When you hear the word Nike what comes to mind? More importantly, how do you feel? If Nike’s marketing team has anything to do with it, they want you feeling empowered, inspired and nothing short of heroic. Selling more than sportswear, Nike aims to transform the average gym-goer into a bonafide gladiator. Considering they rank #16 in best global companies (source), I’d say their use of the Hero has earned them a spot among the gods.

Founded in 1964 by Bill Bowerman and Phil Knight, Nike’s name derives from the winged Greek goddess of victory. As a distributor for the Japanese shoes now known as ASICS, Nike’s first ‘waffle’ trainer didn’t made its appearance until 1974 (source). What followed was the rise of one of America’s – and now world’s – most successful sportswear companies.

Known for its ‘Just Do It’ campaigns, Nike pioneered the way for regular people to step into the shoes of their athlete idols. Advertisements asks customers to step outside their ordinary worlds to reach the peak of performance; they ask customers to stop being fans and instead become the sports star they admire from afar.

Quality of product aside, what makes Nike’s brand story so popular is its use of the Hero archetype in communicating the brand’s soul and purpose.

A Brief Intro to the Hero Archetype

Wonder Woman, John Wayne, Nelson Mandela, the Olympics, the Red Cross, and franchises such as Star Trek or Mission Impossible are all great examples of the Hero archetype. The Hero thrives where challenges await and courageous action is required. Heros are found on battlefields, on the court, in the streets, at work, or in politics.They want to make the world a better place and must fight ‘the bad guy’ to restore peace and harmony to their communities.

The beauty of using an archetype allows brands to diversify their markets without diluting their core brand story.

The Hero’s journey is not only an external battle but an internal one as well. The Hero must face their weaknesses in order to prevail, requiring them to transform along the way. The Hero doesn’t start out as the most popular character and they often represent the underdog who earns respect and accolades along the way.

Nike’s Use of the Hero: A Case Study

“The company’s central mission is to understand and inspire the soul of the athlete, and its current slogan “Just do it,” promotes the heroic virtue of the courage to act.” – Mark and Pearson, The Hero & The Outlaw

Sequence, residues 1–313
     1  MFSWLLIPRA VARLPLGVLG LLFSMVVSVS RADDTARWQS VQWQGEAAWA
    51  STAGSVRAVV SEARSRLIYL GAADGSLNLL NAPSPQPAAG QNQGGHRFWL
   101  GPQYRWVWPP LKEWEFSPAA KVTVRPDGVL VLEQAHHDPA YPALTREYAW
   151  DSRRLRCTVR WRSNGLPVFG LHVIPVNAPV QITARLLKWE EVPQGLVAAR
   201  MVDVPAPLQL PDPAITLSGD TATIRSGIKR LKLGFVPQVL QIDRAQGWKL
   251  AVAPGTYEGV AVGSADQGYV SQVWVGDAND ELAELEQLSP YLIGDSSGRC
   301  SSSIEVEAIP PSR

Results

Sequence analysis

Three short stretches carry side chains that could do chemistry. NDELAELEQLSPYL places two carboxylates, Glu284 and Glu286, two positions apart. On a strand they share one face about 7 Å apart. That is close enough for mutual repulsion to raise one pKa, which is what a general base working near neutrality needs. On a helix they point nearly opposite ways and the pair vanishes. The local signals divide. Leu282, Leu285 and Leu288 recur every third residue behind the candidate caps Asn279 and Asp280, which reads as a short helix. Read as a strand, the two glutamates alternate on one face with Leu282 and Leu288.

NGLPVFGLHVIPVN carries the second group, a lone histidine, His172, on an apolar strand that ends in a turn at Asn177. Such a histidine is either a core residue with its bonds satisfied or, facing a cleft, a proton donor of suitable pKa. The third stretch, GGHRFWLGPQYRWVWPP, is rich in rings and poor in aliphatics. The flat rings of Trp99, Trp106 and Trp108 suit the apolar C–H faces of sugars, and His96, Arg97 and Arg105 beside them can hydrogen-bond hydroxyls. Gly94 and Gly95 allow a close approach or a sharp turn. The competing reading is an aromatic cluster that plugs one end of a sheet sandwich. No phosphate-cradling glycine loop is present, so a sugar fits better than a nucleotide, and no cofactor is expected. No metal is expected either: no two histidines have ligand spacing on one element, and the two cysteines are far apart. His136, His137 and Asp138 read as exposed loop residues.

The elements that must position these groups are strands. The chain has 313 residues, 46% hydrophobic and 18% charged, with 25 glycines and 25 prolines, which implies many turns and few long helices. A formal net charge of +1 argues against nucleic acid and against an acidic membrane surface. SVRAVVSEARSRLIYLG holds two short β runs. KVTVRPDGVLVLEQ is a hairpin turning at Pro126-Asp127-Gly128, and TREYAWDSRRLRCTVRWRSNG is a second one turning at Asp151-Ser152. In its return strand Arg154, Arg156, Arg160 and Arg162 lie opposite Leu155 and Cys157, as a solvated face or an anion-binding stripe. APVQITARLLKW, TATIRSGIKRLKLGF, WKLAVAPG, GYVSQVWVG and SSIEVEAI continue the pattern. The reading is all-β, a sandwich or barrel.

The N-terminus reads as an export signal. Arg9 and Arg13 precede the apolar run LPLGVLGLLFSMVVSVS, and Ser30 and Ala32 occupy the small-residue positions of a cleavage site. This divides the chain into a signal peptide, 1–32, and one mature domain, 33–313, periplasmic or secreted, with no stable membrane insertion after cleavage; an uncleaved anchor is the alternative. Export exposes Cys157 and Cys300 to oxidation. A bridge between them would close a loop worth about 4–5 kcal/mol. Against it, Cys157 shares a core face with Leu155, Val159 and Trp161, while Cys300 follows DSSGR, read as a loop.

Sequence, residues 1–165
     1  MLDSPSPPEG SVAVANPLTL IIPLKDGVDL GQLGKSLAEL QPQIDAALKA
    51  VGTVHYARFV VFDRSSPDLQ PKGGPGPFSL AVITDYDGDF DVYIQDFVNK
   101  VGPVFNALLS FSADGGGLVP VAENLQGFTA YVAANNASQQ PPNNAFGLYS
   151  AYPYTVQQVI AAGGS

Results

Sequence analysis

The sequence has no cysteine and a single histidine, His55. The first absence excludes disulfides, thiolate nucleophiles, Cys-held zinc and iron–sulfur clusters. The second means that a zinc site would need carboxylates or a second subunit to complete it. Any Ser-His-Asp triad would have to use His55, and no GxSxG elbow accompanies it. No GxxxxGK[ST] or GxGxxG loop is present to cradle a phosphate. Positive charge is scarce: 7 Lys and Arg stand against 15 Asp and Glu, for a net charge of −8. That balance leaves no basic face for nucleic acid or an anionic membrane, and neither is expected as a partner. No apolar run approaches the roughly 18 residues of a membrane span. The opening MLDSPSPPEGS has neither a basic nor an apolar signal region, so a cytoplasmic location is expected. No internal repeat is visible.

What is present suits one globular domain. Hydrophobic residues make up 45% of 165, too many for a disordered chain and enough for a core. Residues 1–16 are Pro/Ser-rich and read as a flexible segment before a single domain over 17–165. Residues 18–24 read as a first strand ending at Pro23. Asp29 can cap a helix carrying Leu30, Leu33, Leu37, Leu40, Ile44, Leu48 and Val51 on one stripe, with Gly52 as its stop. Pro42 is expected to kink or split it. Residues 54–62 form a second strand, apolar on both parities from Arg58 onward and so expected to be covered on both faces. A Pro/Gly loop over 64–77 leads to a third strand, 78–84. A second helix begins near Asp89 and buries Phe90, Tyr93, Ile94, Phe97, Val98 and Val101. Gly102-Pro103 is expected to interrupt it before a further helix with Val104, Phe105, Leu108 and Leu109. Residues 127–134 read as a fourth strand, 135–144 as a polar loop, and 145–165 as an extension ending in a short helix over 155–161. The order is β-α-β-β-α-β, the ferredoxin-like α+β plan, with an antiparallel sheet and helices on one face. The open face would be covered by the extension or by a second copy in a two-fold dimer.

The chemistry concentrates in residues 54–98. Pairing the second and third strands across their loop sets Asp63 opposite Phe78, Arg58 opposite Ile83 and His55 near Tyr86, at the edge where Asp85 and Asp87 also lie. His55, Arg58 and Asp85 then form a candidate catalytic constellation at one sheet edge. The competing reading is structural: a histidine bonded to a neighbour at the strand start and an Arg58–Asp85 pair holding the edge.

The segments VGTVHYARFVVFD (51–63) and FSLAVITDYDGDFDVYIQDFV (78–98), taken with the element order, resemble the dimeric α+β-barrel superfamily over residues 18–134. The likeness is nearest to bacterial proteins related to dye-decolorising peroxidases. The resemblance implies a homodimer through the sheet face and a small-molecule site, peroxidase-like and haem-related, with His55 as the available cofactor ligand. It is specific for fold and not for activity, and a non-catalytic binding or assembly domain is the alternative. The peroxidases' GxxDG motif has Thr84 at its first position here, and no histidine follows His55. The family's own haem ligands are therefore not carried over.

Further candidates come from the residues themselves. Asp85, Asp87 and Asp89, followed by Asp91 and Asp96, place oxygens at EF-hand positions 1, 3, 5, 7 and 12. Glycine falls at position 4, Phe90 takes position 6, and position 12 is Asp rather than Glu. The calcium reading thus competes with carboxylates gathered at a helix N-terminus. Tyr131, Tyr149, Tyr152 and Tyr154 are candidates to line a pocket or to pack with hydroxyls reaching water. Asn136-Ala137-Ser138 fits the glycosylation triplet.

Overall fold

Using the Hero archetype as a foundation for all marketing material, Nike’s strategy is to provide consumers with an opportunity to have heroic qualities similar to the ones they admire in world class athletes. Using a combination of famous athletes and real people in their ads, they’ve been able to bridge the gap between a customer’s belief of what’s possible.


By pitting the customer (positioned as the Hero) against physical odds, Nike empowers them to triumph over any struggle they encounter. More importantly, Nike’s been able to help the customer triumph over internal struggles as well. By positioning their products to synonymously represent the overcoming of obstacles, Nike’s able to empower customers to get off the couch and onto the pavement.


Rise and Shine,’ one of Nike’s most inspirational longform ads, represents the heart of the Nike Hero. Print ads such as these visually enhance the Hero’s journey. The #betterforit campaign introduces a platform for women athletes as Nike finds momentum in the women’s empowerment movement, something I’ve referenced as the ‘Shero’ in my own work.


Nike’s use of the Hero is comprehensive: every person is represented in their marketing, from the physically disabled to the amateur sports star, as well as every color, language and culture. Nike’s dynamic engagement with their target market allows them to grow with their various segments. Instead of staying stagnant, they’ve successfully stood out by sharing diverse stories.


Finally, Nike’s story has stayed on-point. The beauty of using an archetype – not just the Hero – allows brands to diversify their markets without diluting their core brand story. Because archetypes are universal and well-known across cultures, tapping into their power allows brands of all sizes to communicate their purpose with passion.


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